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  1. #1
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    Solder Pedal to Crank Arm? Good Idea or Bad?

    Yeah... I'm stupid... I know... I wasn't paying attention when changing pedals and I stripped out the first 3 threads on my left Dura-Ace 7800 Crank Arm. I managed to get the pedal in by reverse threading from the other side. However... I'm concerned that it won't hold. Do you think soldering the back of the pedal bolt to the backside of the crank would hold it in longer? Or am I just thinking stupid again?

  2. #2
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    Solder won't do any good, if you could even get it to adhere to the aluminum of the crank and the steel of the pedal. Either a helicoil insert, if one could be found in the proper size, or adding aluminum via TIG welding and retapping would work. Myself, I would just keep an eye on it for a while and see if it loosens in use.

  3. #3
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    I'd helicoil it. It'll work fine then. Worst case would be to get a new crank arm

  4. #4
    Paste Taster Retem's Avatar
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    ebay a new left side dude they are usually alot cheaper than the drive and you can use what ever track road as long as it is da
    I am dyslexic so bear with my posts.... [SIGPIC][/SIGPIC]

  5. #5
    Sir Fallalot wroomwroomoops's Avatar
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    Quote Originally Posted by noahjwhite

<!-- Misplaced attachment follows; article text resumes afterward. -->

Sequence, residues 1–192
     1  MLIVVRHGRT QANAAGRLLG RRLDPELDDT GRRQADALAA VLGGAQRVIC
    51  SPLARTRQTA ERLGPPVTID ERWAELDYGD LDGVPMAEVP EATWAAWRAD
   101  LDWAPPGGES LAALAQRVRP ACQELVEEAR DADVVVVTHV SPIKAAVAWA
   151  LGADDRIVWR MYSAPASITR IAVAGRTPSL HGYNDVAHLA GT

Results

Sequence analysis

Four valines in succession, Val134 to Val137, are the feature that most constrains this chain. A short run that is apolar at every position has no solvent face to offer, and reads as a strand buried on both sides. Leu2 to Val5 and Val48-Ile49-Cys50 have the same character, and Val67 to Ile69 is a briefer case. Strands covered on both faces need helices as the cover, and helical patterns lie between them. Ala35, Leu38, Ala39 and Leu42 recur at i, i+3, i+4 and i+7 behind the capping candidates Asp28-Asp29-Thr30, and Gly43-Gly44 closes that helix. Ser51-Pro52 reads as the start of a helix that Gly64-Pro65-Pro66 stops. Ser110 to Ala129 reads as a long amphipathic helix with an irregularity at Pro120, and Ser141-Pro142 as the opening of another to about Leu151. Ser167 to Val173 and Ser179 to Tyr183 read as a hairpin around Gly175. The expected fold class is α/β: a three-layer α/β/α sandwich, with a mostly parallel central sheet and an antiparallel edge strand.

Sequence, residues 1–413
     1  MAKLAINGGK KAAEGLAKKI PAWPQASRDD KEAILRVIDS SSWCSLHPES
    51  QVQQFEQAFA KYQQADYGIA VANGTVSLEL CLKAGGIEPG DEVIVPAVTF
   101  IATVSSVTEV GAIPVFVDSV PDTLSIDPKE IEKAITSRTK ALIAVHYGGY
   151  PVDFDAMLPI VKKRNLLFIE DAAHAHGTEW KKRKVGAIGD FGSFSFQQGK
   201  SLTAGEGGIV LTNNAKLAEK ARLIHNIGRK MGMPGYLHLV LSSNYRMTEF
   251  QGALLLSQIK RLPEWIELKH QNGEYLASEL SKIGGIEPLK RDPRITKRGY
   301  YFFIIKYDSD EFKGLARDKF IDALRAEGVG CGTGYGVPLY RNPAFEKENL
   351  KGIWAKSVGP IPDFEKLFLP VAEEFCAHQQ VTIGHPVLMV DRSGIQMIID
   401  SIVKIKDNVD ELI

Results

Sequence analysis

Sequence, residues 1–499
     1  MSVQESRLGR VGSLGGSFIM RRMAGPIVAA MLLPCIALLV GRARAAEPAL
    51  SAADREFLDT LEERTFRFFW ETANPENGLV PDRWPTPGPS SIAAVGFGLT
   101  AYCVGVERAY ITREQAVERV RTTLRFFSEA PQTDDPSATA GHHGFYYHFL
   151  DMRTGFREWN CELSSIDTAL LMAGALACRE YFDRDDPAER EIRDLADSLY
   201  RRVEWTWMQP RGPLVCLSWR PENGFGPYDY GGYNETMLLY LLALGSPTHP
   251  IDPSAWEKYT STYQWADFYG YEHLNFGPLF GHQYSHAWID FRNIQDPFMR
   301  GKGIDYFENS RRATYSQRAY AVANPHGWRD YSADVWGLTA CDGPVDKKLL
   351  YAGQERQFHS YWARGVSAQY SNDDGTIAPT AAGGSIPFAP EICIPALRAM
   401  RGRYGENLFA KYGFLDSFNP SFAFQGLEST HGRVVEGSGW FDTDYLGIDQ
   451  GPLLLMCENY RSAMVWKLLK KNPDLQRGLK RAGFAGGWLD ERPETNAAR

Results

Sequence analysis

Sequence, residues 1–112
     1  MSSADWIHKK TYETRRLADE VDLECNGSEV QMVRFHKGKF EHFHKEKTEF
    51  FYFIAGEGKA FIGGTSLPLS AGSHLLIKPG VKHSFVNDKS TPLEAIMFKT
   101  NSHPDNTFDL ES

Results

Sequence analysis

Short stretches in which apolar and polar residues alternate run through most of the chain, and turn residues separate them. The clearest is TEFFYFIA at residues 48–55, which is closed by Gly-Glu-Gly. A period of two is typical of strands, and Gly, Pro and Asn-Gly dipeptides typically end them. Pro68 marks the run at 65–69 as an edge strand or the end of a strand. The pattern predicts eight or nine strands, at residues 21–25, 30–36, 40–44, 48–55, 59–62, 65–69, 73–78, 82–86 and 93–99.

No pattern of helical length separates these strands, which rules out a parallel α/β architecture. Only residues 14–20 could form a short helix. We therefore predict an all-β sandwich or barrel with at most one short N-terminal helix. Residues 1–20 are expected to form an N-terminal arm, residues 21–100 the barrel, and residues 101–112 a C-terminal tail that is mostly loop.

Yeah... I'm stupid... I know... I wasn't paying attention when changing pedals and I stripped out the first 3 threads on my left Dura-Ace 7800 Crank Arm. I managed to get the pedal in by reverse threading from the other side. However... I'm concerned that it won't hold. Do you think soldering the back of the pedal bolt to the backside of the crank would hold it in longer? Or am I just thinking stupid again?
    Did you strip those 3 threads totally, or do they hold at least a bit? I would, in any case, suggest that you clean the threads with alcohol (both pedal and crankarm), let it dry and apply loctite. Screw in the pedal real strong ("like a gorilla" as LóFarkas would say) and leave it set for 2 hours. Should be safe.

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    Tap out the threads in the crank first and screw in the pedal as you normally would with a bit of grease. Then if it doesn't hold drill and tap it out for a heli-coil.